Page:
The protesters carried signs saying "No selective jury," and placards displaying Martin Luther King Jr.'s famous quote, "Injustice anywhere is a threat to justice everywhere." Photo: William Miller
Several thousand protesters rallied in cities across the US on Saturday in support of a rookie New York police officer who shot and killed an unarmed man in what the protesters said was a tragic accident.
The officer, Peter Liang, 28, was found guilty of manslaughter and official misconduct earlier this month in the shooting death of Akai Gurley, 28. He was immediately fired after the highly unusual conviction of a cop for the shooting death of a civilian. He faces a sentence of up to 15 years.
While demonstrators expressed sympathy for Gurley's family, they also criticized the jury's verdict, saying the shooting was unintentional and that Liang wasn't acting recklessly when his gun went off while patrolling in Brooklyn.
A group calling itself the Coalition of Justice for Liang on Saturday staged rallies from Boston to Los Angeles, with supporters claiming the officer was subjected to "selective prosecution." The group said about 100,000 people took part in 30 cities.
Protesters carried signs with messages such as "Justice not politics," "One Tragedy, Two Victims," and "Equal Justice, No scapegoating."
"We believe that Mr. Liang has been sacrificed as a scapegoat in a highly politicized criminal justice system, resulting from recent intensifying police-community relations," coalition spokesman Jack Ouyang said in a statement.
"I have the same opinion as last year," Gordon Zhang, of the Long Island Chinese American Association, told NBC News. "I think both Akai Gurley and Peter Liang are victims of a system that failed."
Liang, with 18 months on the job, was on patrol in the dark stairwell of a Brooklyn housing project in November 2014 when he fired his gun. The bullet ricocheted off a wall and struck Gurley in the chest. The victim later died at a hospital.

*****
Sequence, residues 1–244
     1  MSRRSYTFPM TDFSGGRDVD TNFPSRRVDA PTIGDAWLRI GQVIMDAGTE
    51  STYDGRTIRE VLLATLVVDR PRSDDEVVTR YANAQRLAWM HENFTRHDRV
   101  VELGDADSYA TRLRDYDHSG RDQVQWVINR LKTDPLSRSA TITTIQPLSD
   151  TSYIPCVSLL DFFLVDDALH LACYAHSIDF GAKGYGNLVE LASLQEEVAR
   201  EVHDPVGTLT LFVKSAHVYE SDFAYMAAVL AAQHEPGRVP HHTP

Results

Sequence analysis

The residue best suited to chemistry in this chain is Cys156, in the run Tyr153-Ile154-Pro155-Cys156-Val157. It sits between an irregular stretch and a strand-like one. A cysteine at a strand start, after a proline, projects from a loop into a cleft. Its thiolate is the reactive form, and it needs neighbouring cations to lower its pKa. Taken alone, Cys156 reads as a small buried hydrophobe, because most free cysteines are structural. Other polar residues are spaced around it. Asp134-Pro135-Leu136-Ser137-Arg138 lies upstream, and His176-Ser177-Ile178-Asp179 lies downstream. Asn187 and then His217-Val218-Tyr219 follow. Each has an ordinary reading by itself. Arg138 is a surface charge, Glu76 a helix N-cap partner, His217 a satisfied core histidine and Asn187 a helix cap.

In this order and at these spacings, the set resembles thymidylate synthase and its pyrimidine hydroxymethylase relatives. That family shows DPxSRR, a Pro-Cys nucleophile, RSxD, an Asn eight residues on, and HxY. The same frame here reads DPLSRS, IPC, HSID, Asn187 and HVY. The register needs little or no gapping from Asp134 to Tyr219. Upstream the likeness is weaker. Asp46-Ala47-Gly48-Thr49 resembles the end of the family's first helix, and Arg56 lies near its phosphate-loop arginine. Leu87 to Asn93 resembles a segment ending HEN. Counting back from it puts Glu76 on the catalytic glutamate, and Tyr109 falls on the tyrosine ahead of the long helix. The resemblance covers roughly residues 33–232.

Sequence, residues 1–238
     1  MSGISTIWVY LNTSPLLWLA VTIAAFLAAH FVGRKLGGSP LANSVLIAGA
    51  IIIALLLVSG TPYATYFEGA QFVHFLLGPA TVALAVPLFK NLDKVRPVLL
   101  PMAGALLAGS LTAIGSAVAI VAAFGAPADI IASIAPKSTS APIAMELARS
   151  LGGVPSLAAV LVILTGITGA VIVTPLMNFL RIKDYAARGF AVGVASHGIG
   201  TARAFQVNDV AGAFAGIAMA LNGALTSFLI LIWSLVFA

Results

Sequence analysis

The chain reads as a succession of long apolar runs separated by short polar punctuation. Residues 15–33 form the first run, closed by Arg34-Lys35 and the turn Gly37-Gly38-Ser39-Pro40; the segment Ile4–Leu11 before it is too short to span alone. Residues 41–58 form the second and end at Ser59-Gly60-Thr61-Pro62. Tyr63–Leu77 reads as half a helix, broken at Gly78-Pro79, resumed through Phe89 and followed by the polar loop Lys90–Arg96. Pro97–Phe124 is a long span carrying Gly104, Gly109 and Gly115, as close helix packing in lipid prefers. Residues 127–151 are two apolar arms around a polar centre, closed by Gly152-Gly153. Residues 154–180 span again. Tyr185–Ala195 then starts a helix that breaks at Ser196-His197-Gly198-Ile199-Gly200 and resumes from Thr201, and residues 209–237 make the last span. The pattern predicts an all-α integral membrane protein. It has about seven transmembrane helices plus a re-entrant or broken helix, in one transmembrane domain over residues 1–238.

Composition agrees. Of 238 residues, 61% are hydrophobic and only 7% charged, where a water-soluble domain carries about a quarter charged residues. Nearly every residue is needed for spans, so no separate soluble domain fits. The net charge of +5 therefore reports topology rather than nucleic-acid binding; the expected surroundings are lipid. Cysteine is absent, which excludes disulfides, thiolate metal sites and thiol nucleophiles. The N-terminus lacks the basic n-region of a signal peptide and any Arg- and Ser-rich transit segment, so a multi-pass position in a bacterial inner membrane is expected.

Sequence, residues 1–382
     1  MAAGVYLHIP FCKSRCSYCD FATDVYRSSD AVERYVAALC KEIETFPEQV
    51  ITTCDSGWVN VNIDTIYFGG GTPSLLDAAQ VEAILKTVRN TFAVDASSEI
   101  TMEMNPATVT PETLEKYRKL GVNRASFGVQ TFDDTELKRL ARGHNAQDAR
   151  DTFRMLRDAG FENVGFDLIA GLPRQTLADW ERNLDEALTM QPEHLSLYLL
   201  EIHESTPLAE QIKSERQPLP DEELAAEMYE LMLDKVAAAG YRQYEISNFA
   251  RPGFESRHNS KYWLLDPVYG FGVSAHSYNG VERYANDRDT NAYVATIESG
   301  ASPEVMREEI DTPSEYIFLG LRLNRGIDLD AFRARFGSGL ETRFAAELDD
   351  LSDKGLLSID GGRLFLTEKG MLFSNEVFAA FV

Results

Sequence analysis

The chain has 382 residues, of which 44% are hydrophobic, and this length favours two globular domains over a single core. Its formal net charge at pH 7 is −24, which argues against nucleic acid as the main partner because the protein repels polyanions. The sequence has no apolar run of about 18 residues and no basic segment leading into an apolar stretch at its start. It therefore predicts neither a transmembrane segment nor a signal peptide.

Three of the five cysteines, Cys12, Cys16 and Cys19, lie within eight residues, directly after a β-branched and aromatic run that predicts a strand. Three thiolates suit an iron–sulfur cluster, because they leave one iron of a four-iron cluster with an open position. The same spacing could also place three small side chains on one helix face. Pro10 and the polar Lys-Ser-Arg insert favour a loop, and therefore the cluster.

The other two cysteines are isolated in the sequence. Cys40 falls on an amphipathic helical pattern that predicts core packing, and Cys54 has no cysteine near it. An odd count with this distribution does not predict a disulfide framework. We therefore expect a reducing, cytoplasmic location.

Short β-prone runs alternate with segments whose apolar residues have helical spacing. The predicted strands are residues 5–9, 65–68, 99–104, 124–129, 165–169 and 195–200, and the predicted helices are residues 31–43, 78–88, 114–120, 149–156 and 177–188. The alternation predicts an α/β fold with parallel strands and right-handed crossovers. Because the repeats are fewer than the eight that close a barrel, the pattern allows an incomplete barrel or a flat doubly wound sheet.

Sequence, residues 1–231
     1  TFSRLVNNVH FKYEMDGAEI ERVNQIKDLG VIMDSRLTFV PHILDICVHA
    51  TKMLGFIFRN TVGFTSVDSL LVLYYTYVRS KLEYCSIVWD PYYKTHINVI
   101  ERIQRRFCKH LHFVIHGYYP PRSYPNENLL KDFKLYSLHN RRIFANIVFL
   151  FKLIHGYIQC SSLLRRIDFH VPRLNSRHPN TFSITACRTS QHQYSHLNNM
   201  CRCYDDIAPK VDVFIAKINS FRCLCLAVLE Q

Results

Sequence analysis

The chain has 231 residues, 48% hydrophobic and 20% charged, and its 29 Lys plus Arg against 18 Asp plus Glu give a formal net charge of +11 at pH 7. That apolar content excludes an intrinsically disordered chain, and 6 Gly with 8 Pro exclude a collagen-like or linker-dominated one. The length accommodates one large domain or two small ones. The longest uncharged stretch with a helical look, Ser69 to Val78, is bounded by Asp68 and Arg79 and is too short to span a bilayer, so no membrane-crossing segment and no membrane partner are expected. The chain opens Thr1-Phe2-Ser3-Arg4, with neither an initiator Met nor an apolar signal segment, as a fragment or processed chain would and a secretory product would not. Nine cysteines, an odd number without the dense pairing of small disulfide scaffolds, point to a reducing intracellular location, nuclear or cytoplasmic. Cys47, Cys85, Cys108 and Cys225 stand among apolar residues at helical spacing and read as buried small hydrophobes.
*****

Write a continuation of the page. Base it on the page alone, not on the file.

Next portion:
Prosecutors said Liang's actions were reckless, and that he was more concerned about his story than helping Gurley.
"There are no winners," Brooklyn District Attorney Kenneth Thompson said after the verdict. "I told his mother I'm sorry. This is a tragedy all over."
Thompson said the decision was not a verdict against all NYPD officers, but one who ignored his official training.
But Liang's supporters -- many of them, like him, Chinese-American -- believe the officer was singled out for prosecution.
"A lot of white officers have also killed people," Zhang Yuan, who brought along his 18-year-old daughter Jing to the Brooklyn rally, told NBC News in Mandarin. "Why don't they prosecute them? Why only Peter? It's not fair."
Don Lee, a candidate for the New York assembly, described Liang as "a sacrificial lamb from a community that has for too long fallen victim to the system".
Liang's conviction "does not give comfort that we are heading toward a serious discussion of reforming our policing policy and our criminal justice system", Lee added. "The notion that we've solved the policing problem by convicting a single individual is a harmful one."
Melissa Butler, who attempted to save Gurley after he was shot by Liang, has filed a $200,000 lawsuit against Liang and the City of New York over the death. Butler, who was with Gurley at the time of the shooting, claims that the city was negligent in hiring Liang.
Liang's trial garnered attention beyond New York because of the controversy over allegations that police are too quick to use lethal force, sometimes against unarmed people. Outrage over police shootings or excessive force has spurred protest movements in major cities such as Chicago, Baltimore and New York.
In the most well-known cases -- the fatal shootings of Michael Brown in Ferguson, Missouri, and Walter Scott in North Charleston, South Carolina, and the death of Freddie Gray while in police custody in Baltimore -- the victims were unarmed black men.
In a plaza near the Brooklyn courthouse where Liang was convicted, hundreds of demonstrators gathered on Saturday.
Scores turned out on Saturday afternoon outside in Atlanta as well. Many held small American flags as they packed about 100 yards of sidewalk, several people deep, outside CNN's headquarters.
In San Francisco, protester Amy Matecki said, "Peter Liang's incident brought the Chinese community together. We want to speak up. One voice, united together. Life matters, justice for all. No scapegoat."
"He was singled out as a victim for some political reasons," said Min Yan, a physician in Oakland.
During closing arguments at Liang's trial, the officer's lawyer called the fatal shooting tragic but not a crime, stressing that Liang followed procedures. Police had described Gurley was "a total innocent."
"What happened here is a tragedy," defense attorney Rae Koshetz said. "It's a terrible tragedy, but it's not a crime."
Prosecutors argued that Liang showed poor judgment.
Liang took the stand at trial and lost his composure when asked to recount what happened in the stairwell that night.
"I was panicking. I was in shock, in disbelief that someone was actually hit," he said.
Gurley's death occurred a few months after Eric Garner died as police tried to arrest him on Staten Island. The chokehold death of Garner, an unarmed 43-year-old man, sparked street protests, a review of police procedures and calls for a federal civil rights investigation. A grand jury declined to prosecute the officer.